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Reboxetine Treatment Reduces Neuroinflammation and Neurodegeneration in the 5xFAD Mouse Model of Alzheimer’s Disease: Role of CCL2

  • Irene L. Gutiérrez
  • Marta González-Prieto
  • Javier R. Caso
  • Borja García-Bueno
  • Juan C. Leza
  • José L. M. MadrigalEmail author
Article

Abstract

The reduction of brain noradrenaline levels is associated to the initiation of Alzheimer’s disease and contributes to its progression. This seems to be due mainly to the anti-neuroinflammatory actions of noradrenaline. The analysis of noradrenaline effects on brain cells demonstrates that it also regulates the production of the chemokine CCL2. In the present study, we analyzed the effect of the selective noradrenaline reuptake inhibitor, reboxetine, on the inflammatory and neurodegenerative alterations present in 5xFAD mice, and how the genetic removal of CCL2 affects reboxetine actions. We observed that the removal of CCL2 reduced the memory impairments in 5xFAD mice as well as the neuroinflammatory response, the accumulation of amyloid beta plaques, and the degeneration of neurons in the brain cortex. The administration of reboxetine with osmotic pumps for 28 days also resulted in anti-inflammatory and neuroprotective changes in 5xFAD mice, even in the absence of CCL2. Yet, 6-month-old CCL2KO mice presented a significant degree of neuroinflammation and neuronal damage. These findings indicate that reboxetine treatment prevents the brain alterations caused by prolonged overproduction of amyloid beta, being these effects independent of CCL2, which is a mediator of the damage caused by amyloid beta in the brain cortex, but necessary for the prevention of the development of neurodegeneration in normal healthy conditions.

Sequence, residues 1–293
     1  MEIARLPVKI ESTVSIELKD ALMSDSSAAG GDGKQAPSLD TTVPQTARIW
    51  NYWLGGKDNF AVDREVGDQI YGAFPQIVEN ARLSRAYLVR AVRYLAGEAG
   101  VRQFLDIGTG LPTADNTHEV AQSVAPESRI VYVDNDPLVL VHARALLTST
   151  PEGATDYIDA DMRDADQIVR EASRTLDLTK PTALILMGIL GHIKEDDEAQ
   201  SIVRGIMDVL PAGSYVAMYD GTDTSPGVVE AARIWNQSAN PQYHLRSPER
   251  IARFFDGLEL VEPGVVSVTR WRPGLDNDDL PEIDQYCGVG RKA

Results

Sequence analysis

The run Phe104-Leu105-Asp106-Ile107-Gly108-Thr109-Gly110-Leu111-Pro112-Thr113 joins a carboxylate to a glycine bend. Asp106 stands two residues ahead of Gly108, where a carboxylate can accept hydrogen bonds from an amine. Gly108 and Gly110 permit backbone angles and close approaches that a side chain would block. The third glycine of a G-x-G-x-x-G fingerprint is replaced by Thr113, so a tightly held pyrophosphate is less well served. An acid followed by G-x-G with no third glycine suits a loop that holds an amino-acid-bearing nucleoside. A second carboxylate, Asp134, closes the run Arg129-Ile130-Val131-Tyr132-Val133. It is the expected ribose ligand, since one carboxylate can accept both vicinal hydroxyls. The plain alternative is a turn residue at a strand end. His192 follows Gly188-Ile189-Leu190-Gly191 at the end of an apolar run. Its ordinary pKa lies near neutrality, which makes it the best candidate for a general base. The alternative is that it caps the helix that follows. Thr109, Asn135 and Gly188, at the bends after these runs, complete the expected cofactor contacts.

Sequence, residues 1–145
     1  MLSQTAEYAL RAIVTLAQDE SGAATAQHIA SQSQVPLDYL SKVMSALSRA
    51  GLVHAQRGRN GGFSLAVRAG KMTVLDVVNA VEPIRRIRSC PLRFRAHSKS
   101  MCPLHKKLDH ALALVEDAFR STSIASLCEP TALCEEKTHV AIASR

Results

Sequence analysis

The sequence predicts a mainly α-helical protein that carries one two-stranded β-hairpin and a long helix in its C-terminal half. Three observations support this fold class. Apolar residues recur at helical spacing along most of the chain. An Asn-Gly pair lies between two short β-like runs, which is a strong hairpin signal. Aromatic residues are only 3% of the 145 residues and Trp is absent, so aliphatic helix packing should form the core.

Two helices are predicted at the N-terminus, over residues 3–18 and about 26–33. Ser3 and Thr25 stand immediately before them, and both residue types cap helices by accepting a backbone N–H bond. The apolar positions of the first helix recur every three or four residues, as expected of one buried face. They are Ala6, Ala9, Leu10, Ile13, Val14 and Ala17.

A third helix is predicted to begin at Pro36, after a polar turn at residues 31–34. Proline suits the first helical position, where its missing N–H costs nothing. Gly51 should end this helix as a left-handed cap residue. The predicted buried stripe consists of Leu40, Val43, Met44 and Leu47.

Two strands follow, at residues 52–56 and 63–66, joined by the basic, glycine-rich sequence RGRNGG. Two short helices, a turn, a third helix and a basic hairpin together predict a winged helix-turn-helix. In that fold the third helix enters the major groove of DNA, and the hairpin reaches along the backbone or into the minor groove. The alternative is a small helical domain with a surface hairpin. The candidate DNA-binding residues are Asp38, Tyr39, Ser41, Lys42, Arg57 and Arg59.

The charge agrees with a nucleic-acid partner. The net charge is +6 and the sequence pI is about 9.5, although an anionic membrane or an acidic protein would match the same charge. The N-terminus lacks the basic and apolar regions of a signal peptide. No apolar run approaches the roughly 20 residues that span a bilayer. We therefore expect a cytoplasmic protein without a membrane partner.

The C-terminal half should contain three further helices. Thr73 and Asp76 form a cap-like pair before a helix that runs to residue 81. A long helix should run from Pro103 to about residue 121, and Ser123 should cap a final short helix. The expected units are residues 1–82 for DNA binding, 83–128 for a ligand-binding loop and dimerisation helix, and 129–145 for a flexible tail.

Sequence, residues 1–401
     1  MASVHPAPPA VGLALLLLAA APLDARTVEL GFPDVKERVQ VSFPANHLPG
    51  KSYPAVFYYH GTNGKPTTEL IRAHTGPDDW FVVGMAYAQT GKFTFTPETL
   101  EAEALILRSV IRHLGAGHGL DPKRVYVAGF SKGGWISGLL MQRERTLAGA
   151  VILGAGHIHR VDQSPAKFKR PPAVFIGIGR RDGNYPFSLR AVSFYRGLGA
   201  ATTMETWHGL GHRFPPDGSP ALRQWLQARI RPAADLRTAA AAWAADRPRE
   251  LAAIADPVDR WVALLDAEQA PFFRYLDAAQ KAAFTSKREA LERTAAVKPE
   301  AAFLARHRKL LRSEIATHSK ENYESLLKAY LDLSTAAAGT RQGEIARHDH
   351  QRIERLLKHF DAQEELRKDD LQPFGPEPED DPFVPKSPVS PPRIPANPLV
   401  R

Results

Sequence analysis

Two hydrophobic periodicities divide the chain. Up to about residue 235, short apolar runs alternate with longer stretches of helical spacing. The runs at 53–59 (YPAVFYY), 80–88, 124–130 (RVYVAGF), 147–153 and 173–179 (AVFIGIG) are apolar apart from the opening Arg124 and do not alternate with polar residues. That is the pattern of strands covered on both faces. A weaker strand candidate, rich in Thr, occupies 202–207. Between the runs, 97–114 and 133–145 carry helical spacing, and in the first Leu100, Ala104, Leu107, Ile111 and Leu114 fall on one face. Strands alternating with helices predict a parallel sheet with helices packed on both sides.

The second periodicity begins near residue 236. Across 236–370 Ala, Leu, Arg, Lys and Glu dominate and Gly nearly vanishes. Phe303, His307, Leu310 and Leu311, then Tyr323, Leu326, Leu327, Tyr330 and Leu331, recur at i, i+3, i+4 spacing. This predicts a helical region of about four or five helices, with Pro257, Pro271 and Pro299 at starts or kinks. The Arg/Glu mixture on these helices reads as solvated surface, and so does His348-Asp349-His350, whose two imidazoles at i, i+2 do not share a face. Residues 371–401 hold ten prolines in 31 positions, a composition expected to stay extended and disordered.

Keywords

Noradrenaline Reboxetine CCL2 MCP-1 5xFAD Neuroinflammation 

Notes

Funding Information

This work was supported by the UCM (PR26/16-20278), the Spanish Ministry of Science (SAF2017-86620-R), and Centro de Investigación Biomédica en Red de Salud Mental (CIBERSAM). ILG was supported by a Fellowship from the Spanish Ministry of Science. MGP was supported by a Fellowship from the European Youth Employment Initiative (YEI). BGB and JRC are Ramón y Cajal fellows (Spanish Ministry of Science).

Compliance with Ethical Standards

All experimental protocols adhered to the guidelines of the Animal Welfare Committee of the Universidad Complutense of Madrid, Spain (PROEX 052/17), and according to European Union laws (2010/63/EU).

Conflict of Interest

The authors declare that they have no conflict of interest.

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© Springer Science+Business Media, LLC, part of Springer Nature 2019

Authors and Affiliations

  1. 1.Department of Pharmacology and Toxicology, School of MedicineUniversidad Complutense de Madrid (UCM)MadridSpain
  2. 2.Centro de Investigación Biomédica en Red de Salud Mental (CIBERSAM)Instituto de Investigación Neuroquímica (IUINQ-UCM) and Instituto de Investigación Sanitaria Hospital 12 de Octubre (Imas12)MadridSpain

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